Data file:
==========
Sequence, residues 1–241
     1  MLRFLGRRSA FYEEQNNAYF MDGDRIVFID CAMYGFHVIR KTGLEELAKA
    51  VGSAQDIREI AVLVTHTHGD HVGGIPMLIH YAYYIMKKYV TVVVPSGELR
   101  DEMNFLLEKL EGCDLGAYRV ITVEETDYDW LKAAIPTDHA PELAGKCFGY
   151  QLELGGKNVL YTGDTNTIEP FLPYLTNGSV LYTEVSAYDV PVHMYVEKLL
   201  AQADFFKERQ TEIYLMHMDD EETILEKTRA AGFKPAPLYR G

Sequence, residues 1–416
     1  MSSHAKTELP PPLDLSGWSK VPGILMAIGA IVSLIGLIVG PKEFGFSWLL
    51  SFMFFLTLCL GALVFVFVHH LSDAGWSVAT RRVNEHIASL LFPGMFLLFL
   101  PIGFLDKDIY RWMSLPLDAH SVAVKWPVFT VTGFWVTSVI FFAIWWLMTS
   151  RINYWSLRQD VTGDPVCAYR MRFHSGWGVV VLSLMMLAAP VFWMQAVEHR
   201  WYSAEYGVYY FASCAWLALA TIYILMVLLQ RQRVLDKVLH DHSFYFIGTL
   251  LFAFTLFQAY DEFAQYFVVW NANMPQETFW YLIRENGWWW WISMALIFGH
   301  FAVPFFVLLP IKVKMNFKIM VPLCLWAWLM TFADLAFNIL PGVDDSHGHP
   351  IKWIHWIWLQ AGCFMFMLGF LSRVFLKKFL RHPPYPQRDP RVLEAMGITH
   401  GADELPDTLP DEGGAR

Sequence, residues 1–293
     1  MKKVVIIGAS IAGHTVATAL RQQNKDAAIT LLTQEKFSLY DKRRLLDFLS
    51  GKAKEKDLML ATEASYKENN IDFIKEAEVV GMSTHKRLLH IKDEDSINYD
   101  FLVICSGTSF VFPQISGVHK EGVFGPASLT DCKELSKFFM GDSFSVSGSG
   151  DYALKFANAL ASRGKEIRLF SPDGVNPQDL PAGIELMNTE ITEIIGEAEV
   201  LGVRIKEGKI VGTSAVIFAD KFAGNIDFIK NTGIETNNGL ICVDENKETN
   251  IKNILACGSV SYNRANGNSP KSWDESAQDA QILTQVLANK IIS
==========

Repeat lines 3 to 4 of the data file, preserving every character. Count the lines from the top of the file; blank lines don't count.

    51  VGSAQDIREI AVLVTHTHGD HVGGIPMLIH YAYYIMKKYV TVVVPSGELR
   101  DEMNFLLEKL EGCDLGAYRV ITVEETDYDW LKAAIPTDHA PELAGKCFGY